Stories about Freedom of Speech from May, 2009
The case of Prita Mulyasari, a mother of two, is currently the hot topic among Indonesian bloggers. Prita shared her experience of being maltreated by a private hospital on a mailing-list. The hospital took legal action against her. The online complaint may result into six years jail term and maximum fine of 1 billion Rupiah (nearly US$ 98,000).
In 2008 Egypt passed a law that banned female circumcision (FGM). Today a group of bloggers started a campaign against male circumcision. Marwa Rakha picks up the story in this post.
Iriegal and Jamaica Salt comment on Amnesty International’s criticism of the Jamaican police force, while Havana Times notes that the organization”recognized…that the US blockade on Cuba has a negative effect on the general population.”
Joel Martinsen from DANWEI translated Ai Weiwei's blog posts on how he was harassed by security “rice streamers” (meaning stupid polices) and lawyer blogger Liu Xiaoyuan's article explaining Ai's rights. Ai Weiwei's blogs hosted on Sina and Sohu have been suspended.
ESWN translated local forum news reporting on the assault of Southern People Weekly magazine reporter Wei Yi when he tried to interview the maternal grandmother of Deng Yujiao – the nail beautician who stabbed to dead a local government official in defense of sexual assault.
Daisy, an editor from Esquire, a lifestyle magazine under South China media group in Hong Kong, disclosed in her blog that the top management banned the publication of 15 pages June 4th special feature in its latest issue. The top rank company staff, after looking at the layout, said the...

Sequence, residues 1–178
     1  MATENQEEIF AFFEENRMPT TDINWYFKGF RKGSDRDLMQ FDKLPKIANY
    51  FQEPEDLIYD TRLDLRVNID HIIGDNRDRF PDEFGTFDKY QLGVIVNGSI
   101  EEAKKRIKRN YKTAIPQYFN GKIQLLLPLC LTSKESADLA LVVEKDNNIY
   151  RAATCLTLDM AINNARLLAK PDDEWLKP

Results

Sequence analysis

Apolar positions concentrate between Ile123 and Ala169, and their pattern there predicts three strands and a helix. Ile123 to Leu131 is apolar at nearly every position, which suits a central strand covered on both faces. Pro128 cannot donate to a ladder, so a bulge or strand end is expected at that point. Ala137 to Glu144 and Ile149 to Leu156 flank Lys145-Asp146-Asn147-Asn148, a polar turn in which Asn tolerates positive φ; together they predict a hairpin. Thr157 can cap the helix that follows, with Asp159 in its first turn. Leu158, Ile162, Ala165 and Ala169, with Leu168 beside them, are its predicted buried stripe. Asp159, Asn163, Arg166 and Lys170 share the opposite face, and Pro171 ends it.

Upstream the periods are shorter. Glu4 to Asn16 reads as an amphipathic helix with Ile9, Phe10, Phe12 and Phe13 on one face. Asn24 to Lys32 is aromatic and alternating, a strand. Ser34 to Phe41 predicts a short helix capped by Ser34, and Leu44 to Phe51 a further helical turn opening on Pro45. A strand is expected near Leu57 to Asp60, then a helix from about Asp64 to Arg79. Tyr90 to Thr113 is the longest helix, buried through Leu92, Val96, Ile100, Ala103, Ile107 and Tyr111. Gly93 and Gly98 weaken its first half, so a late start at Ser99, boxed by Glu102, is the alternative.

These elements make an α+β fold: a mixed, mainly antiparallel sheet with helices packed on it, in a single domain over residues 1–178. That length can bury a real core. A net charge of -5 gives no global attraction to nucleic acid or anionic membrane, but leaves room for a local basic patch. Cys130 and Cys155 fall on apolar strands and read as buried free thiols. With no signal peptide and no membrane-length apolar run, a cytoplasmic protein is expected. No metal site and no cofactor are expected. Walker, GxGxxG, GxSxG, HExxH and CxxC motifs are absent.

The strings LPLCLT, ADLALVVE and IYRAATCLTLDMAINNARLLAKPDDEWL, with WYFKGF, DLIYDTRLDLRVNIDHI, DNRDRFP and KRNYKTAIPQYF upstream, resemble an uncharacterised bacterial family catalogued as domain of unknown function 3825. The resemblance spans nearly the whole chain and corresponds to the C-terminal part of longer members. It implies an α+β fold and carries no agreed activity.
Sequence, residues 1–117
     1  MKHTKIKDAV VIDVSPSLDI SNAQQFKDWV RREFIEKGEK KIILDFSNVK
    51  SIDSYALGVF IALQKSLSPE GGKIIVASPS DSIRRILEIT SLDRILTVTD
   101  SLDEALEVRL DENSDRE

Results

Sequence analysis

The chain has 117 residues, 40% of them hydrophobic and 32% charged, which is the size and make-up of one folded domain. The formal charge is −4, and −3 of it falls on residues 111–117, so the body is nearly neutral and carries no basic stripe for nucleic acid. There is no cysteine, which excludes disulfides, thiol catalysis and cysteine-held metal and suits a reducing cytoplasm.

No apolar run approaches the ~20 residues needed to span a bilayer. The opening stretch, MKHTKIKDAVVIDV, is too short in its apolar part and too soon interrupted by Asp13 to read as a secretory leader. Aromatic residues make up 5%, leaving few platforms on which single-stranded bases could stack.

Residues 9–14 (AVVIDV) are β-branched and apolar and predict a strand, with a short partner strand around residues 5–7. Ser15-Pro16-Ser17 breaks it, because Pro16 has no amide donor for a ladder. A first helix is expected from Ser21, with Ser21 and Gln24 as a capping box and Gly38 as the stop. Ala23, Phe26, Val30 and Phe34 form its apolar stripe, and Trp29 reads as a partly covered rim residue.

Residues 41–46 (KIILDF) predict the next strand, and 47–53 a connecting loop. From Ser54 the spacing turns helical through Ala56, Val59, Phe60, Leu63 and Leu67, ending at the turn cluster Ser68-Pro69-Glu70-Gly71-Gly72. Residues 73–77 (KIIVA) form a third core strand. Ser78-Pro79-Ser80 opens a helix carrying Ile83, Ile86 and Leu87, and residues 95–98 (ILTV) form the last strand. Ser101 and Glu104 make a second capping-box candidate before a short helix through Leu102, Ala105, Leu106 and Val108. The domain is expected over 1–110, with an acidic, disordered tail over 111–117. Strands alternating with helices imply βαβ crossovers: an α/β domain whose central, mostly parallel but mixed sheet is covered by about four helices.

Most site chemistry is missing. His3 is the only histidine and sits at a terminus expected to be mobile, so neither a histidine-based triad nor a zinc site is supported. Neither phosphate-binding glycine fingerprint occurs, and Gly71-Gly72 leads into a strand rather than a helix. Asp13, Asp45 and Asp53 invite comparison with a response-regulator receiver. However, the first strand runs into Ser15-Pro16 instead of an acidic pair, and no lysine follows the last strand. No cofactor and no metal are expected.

2009 will definitely be a "new" year in Guadeloupe - at least judging from a pun that people used as their New Year's wish, since in Creole "new" is pronounced "nef" and "nine" is also pronounced "nef". The first social movements in December 2008 foreshadowed the massive mobilization which took place from January until March 2009, which resulted in 45 days of an all-out strike on the island. Although an agreement was signed, the situation still has not been properly settled - and May, traditionally a month of protest in the French and Guadeloupean social history, is particularly hot this year.
HaitiAnalysis.com acknowledges the passing of “Father Jean-Juste, a friend and inspiration for us all.”
The 2009 Chinese Internet Research Conference started yesterday (May 27) at the Annenberg School of Communications at the University of Pennsylvania. Ethan and Lokman have written their first day notes on the presentations in the conference in their blogs at My heart's in Accra and Global voices, one world. You...
Alice from DANWEI posted an interview with Michael Anti, a well-known blogger, on the issues related with journalism and new media.
More than 2,500 people in Singapore gathered at Hong Lim Park to form a human Pink Dot - a symbol of love and inclusiveness. It was Singapore’s first public rally in support for the Lesbian, gay, bisexual and transgender (LGBT) community.